On February 7, 2013 the California Supreme Court, in a unanimous
decision, affirmed that backpay and reinstatement are not available
remedies for a plaintiff under the Fair Employment and Housing Act
("FEHA") when an employer has proved by a preponderance
of evidence that it would have made the same decision to terminate
that individual for lawful reasons. The legal impact of the
much-anticipated decision is far reaching. Wynona Harris
v. City of Santa Monica.
Harris, a bus driver, alleged she was terminated because of her
pregnancy. The City claimed Harris was fired for job
performance. Specifically, within the first five months of
her employment, Harris was involved in two preventable accidents,
reported late to work twice and had been evaluated as needing
At trial, the City requested a mixed-motive defense jury
instruction be read to the jury. The essential premise of this
defense is that there was a legitimate reason for the termination
and, standing alone, this legitimate reason would have caused the
employer to make the same decision. The Superior Court refused to
give the instruction and ultimately the jury awarded Harris
$177,905 in damages, of which $150,000 were for non-economic
On appeal, the Court of Appeal determined the requested jury
instruction was an accurate account of California law and that it
was prejudicial error for the Superior Court to refuse to give the
instruction. On the other hand, Court of Appeal also
determined there was substantial evidence supporting the jury's
verdict that Harris had been terminated because of her
The Supreme Court held the Court of Appeal was correct in
part. The Supreme Court summarized its holding as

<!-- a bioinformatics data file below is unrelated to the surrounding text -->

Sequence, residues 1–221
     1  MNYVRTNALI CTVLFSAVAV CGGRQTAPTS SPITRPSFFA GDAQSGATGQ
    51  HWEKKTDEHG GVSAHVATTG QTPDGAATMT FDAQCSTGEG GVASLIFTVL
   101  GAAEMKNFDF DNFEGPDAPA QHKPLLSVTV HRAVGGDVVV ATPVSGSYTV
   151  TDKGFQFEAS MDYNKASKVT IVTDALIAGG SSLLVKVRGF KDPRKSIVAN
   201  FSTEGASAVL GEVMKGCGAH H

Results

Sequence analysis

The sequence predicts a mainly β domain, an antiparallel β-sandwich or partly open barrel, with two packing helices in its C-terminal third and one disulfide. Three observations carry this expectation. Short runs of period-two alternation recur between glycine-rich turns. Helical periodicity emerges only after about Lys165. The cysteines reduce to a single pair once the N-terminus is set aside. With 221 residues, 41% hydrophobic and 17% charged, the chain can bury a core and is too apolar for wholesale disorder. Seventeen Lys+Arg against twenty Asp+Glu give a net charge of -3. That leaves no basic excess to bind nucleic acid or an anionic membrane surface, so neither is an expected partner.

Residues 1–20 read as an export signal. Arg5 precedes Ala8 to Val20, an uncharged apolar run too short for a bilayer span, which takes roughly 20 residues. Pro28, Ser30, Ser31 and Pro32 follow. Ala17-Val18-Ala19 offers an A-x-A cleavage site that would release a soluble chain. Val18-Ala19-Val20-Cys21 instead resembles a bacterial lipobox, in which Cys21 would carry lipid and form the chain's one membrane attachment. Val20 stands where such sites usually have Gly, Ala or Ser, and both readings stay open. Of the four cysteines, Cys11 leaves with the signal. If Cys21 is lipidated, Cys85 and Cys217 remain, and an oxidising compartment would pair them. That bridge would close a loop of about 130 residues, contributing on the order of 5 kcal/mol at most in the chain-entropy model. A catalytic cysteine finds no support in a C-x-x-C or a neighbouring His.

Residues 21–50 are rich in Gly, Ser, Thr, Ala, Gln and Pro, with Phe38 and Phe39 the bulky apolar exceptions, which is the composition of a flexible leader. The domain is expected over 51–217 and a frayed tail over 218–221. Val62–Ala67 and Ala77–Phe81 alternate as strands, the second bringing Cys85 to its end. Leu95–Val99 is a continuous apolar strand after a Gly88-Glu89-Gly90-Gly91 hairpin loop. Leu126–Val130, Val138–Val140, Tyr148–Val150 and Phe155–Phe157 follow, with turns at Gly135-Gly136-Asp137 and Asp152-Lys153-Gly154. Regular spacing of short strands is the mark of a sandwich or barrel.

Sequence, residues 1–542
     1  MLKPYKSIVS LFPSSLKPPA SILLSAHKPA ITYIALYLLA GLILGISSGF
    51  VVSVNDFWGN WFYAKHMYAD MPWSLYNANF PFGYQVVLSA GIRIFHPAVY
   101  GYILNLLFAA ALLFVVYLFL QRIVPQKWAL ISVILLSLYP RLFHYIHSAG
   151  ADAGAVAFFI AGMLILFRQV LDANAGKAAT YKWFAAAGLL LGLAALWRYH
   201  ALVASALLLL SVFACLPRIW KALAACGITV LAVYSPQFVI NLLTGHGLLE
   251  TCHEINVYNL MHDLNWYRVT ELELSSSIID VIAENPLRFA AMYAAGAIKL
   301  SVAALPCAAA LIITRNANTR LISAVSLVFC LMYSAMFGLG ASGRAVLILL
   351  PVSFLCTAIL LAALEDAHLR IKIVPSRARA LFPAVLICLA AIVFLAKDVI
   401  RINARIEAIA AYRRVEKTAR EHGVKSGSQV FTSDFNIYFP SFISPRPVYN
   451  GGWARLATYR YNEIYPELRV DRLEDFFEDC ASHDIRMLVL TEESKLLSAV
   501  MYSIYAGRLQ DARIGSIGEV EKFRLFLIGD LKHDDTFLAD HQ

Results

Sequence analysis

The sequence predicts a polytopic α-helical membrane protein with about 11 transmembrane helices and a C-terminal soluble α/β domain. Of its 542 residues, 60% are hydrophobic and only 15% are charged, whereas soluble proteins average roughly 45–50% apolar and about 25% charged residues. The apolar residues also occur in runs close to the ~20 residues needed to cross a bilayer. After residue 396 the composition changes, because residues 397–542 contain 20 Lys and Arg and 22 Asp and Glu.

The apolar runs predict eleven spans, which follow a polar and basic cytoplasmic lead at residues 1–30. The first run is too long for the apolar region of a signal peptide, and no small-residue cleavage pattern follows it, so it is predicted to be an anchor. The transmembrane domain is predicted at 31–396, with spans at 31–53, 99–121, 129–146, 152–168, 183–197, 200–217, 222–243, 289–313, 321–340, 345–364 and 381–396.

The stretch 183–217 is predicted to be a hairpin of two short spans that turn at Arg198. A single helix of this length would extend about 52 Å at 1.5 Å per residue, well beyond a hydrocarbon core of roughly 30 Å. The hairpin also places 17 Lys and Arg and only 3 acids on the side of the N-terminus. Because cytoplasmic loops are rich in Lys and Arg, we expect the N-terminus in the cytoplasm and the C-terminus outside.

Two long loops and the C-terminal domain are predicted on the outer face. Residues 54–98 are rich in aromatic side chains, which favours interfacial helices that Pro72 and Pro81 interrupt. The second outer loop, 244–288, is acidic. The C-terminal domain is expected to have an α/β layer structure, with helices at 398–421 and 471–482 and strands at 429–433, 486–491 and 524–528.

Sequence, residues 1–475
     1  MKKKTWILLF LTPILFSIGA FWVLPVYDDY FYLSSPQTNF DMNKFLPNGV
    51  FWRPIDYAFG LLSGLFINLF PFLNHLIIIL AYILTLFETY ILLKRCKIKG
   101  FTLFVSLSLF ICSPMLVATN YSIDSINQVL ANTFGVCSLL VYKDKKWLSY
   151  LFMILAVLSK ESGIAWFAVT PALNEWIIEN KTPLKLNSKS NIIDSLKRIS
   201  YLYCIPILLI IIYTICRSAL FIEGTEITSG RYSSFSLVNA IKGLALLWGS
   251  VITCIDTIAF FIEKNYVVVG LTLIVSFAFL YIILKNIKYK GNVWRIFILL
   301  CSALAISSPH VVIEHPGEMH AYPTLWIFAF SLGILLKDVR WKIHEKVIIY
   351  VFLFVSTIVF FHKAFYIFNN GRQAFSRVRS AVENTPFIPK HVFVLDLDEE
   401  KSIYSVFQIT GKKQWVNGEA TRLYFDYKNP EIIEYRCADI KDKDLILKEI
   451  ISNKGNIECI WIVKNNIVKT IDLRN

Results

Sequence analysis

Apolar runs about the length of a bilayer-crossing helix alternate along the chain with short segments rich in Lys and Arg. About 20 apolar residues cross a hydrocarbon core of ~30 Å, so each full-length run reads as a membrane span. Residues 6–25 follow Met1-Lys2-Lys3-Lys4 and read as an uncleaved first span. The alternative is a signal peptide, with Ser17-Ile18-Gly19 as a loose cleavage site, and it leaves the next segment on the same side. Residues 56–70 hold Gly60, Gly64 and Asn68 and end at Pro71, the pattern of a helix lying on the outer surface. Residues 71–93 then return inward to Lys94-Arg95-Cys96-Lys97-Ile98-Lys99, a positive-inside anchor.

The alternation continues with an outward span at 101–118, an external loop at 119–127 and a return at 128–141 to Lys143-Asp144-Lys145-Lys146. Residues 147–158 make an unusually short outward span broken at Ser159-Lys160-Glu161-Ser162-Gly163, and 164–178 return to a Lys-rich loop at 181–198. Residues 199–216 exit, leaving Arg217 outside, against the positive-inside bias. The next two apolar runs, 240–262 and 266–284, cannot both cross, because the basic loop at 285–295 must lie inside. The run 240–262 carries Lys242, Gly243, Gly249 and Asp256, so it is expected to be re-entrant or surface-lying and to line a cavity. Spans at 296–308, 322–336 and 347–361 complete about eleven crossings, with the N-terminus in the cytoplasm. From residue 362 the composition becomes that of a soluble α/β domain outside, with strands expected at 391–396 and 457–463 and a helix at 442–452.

"In sum, we construe section 12940(a) as follows: When a
plaintiff has shown by a preponderance of evidence that
discrimination was a substantial factor motivating his or her
termination, the employer is entitled to demonstrate that
legitimate, nondiscriminatory reasons would have led it to make the
same decision at the time. If the employer proves by a
preponderance of evidence that it would have made the same decision
for lawful reasons, then the plaintiff cannot be awarded damages,
backpay or an order of restatement. However, where
appropriate, the plaintiff may be entitled to declaratory or
injunctive relief [and] ... may be eligible for an award of
reasonable attorneys' fees and costs ..."
The Supreme Court emphasized that in a mixed motive case,
although an employee may not be able to recover damages, FEHA's
purpose of redressing, preventing or deterring discrimination is
still being served because a plaintiff is eligible to seek
reasonable attorneys' fees and costs.
The impact of this decision is favorable to employers as it may
be a useful tool in cutting down some, if not all, damages in
certain FEHA claims. However, because the decision will not
prevent an employee from seeking reasonable attorneys' fees and
costs, it is still important for employers to continue to develop
strategies and preventive measures by conferring with legal counsel
when deciding to terminate employees.
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A female employee traveling for her employer met a "friend" and at her motel room with him became "injured whilst engaging in sexual intercourse when a glass light fitting above the bed was pulled from its mount and fell on her."